• The water tables of Alsace, Bourgogne-Franche-Comté and Auvergne-Rhône-Alpes have experienced several successive winters with deficient recharge. The water levels of the tertiary formations of the Limagne, the Alsace plain, of the Sundgau region and the Rhône-Saône corridor were already unsatisfactory in April, from low to very low. The levels of these aquifers are expected to deteriorate slowly over the next few months. These water tables could then no longer play their role in mitigating low water levels for the upstream Loire, the Rhône and its tributaries.
  • On the Mediterranean coast, the alluvial, tertiary and karstic limestone aquifers of Roussillon, Languedoc, Provence and the Côte d’Azur benefited only from low winter recharge or none at all. It should be noted that any periods of torrential rainfall typical of the Cévennes (épisodes cévenols) will not enable effective recharge of the water tables, due to the violence of the rainfall and the runoff induced. The state of these reactive aquifers will most likely continue to deteriorate, and the situation could become difficult in some areas.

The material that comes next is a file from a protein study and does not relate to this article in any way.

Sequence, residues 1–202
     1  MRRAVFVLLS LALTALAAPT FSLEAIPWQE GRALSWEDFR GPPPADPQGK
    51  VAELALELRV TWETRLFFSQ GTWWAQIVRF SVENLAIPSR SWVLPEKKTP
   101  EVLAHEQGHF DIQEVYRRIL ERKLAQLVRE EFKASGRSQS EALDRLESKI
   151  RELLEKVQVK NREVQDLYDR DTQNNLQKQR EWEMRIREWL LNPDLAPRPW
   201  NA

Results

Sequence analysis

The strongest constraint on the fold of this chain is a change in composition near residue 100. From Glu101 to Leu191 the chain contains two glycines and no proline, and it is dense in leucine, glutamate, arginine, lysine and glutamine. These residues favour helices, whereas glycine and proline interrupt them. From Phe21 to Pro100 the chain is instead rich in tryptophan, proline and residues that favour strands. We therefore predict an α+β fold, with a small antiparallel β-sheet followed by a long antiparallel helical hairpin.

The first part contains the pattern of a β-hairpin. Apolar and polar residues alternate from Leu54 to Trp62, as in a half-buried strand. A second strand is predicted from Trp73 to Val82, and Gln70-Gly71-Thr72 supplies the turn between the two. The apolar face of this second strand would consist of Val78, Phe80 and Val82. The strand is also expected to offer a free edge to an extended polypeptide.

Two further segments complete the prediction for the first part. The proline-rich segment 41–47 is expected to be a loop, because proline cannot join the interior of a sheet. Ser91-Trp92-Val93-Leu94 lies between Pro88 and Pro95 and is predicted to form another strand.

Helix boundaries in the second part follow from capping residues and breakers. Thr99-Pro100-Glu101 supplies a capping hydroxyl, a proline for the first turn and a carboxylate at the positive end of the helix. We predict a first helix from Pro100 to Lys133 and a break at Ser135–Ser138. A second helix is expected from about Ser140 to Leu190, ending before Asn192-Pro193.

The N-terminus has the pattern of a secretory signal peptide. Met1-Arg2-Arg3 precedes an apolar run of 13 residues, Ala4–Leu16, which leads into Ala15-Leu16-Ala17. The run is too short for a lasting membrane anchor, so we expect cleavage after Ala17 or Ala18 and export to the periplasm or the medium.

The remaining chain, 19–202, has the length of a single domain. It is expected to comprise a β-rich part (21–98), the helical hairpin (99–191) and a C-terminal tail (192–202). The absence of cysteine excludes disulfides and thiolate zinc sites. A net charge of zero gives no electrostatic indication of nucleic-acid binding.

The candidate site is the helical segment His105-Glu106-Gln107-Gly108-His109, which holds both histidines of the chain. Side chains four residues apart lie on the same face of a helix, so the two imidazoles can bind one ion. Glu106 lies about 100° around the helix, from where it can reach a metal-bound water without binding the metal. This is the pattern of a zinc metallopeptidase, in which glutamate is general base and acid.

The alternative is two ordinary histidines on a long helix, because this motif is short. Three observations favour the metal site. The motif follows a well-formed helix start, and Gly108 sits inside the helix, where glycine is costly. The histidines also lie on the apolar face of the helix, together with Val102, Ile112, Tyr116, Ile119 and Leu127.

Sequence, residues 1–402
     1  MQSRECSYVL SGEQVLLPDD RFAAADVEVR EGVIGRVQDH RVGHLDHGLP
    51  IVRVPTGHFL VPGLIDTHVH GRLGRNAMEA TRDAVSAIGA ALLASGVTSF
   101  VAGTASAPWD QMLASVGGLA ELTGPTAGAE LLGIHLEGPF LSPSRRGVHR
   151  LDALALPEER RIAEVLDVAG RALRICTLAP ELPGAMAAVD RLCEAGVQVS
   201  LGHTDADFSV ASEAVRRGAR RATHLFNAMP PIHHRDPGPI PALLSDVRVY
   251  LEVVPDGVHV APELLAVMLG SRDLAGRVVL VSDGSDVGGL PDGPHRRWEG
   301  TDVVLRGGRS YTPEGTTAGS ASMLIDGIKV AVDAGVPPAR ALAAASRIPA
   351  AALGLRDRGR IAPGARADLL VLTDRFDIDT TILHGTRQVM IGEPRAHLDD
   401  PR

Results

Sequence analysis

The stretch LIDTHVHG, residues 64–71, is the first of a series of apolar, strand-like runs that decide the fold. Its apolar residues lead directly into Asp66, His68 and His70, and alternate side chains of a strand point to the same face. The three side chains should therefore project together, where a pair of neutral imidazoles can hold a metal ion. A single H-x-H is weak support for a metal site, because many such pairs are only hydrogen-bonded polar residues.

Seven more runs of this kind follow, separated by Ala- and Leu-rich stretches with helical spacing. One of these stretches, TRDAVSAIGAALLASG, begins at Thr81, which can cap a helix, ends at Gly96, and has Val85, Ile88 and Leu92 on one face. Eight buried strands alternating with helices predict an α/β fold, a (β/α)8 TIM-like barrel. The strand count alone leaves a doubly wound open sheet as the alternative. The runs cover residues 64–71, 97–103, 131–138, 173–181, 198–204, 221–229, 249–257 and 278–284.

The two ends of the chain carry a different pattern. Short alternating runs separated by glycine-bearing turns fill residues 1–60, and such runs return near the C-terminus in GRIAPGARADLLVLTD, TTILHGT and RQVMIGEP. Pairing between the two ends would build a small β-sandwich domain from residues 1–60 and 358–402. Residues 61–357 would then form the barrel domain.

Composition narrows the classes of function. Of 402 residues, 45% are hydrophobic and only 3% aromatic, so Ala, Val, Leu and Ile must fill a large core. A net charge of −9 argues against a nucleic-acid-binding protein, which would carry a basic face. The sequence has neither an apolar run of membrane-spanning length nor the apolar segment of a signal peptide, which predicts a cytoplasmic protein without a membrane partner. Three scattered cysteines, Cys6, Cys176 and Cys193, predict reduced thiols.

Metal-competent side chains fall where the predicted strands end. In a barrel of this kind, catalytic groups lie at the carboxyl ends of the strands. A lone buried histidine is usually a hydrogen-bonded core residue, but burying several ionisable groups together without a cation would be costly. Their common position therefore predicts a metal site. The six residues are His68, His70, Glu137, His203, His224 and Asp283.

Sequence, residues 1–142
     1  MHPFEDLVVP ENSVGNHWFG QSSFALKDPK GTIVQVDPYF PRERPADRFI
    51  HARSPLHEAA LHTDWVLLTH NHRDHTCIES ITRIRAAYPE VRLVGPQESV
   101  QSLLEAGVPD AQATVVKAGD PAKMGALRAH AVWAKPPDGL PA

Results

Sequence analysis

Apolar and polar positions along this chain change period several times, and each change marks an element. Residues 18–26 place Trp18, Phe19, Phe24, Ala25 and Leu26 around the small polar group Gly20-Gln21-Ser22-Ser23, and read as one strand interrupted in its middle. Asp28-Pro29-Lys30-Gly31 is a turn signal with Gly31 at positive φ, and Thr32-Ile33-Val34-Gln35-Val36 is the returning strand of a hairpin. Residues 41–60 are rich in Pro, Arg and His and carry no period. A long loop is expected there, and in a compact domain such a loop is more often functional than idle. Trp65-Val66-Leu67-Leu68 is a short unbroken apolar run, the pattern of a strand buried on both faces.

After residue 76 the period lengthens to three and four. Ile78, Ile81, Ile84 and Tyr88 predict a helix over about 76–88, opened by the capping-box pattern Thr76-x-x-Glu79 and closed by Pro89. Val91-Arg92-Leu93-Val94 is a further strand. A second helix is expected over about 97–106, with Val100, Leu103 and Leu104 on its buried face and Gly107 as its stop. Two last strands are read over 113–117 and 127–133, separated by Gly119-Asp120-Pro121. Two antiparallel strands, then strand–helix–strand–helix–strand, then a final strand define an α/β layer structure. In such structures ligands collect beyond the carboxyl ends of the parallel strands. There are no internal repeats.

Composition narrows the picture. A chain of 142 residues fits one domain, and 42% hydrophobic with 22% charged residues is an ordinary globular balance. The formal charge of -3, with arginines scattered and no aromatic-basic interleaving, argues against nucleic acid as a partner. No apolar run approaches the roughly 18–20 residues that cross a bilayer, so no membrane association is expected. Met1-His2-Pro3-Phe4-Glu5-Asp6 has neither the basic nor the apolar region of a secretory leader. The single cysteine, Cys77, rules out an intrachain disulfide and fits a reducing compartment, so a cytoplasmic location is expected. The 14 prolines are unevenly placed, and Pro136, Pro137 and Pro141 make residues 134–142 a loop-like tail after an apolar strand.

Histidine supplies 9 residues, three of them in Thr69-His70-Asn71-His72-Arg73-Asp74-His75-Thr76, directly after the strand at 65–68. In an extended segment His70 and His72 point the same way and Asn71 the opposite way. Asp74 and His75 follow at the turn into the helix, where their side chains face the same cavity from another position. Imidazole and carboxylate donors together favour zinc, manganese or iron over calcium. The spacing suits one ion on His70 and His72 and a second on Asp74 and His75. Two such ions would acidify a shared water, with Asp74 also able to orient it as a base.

Finally, given the lack of sufficient rainfall and with high temperatures intensifying the dryness of the soils, the demand for water could be significant. Irrigation campaigns and abstractions for leisure activities could increase the pressure on the environment and influence the status of the aquifers. Some heavily used basins could then find themselves under local pressure, even water tables with a low drought risk.

Details as of 18 May 2021

On 18 May, aquifer levels were mostly dropping. The May rains had a local impact on very wet areas, and only on highly reactive water tables (e.g., Massif Central basement, Jurassic and Cretaceous limestone in Provence). For the time being, the rains have moistened the soil and the vegetation has benefited. We will have to wait several more days to find out whether the water has managed to infiltrate deeply and thus observe a stabilisation or even a rise in the water tables.

Given the forecasts announced by Météo-France (warmer and drier than normal for the next three months), the forecasts made for the water tables remain valid. However, this rainfall will make it possible to postpone the irrigation campaigns and thus alleviate the pressure exerted on water resources by agricultural abstractions for the coming weeks.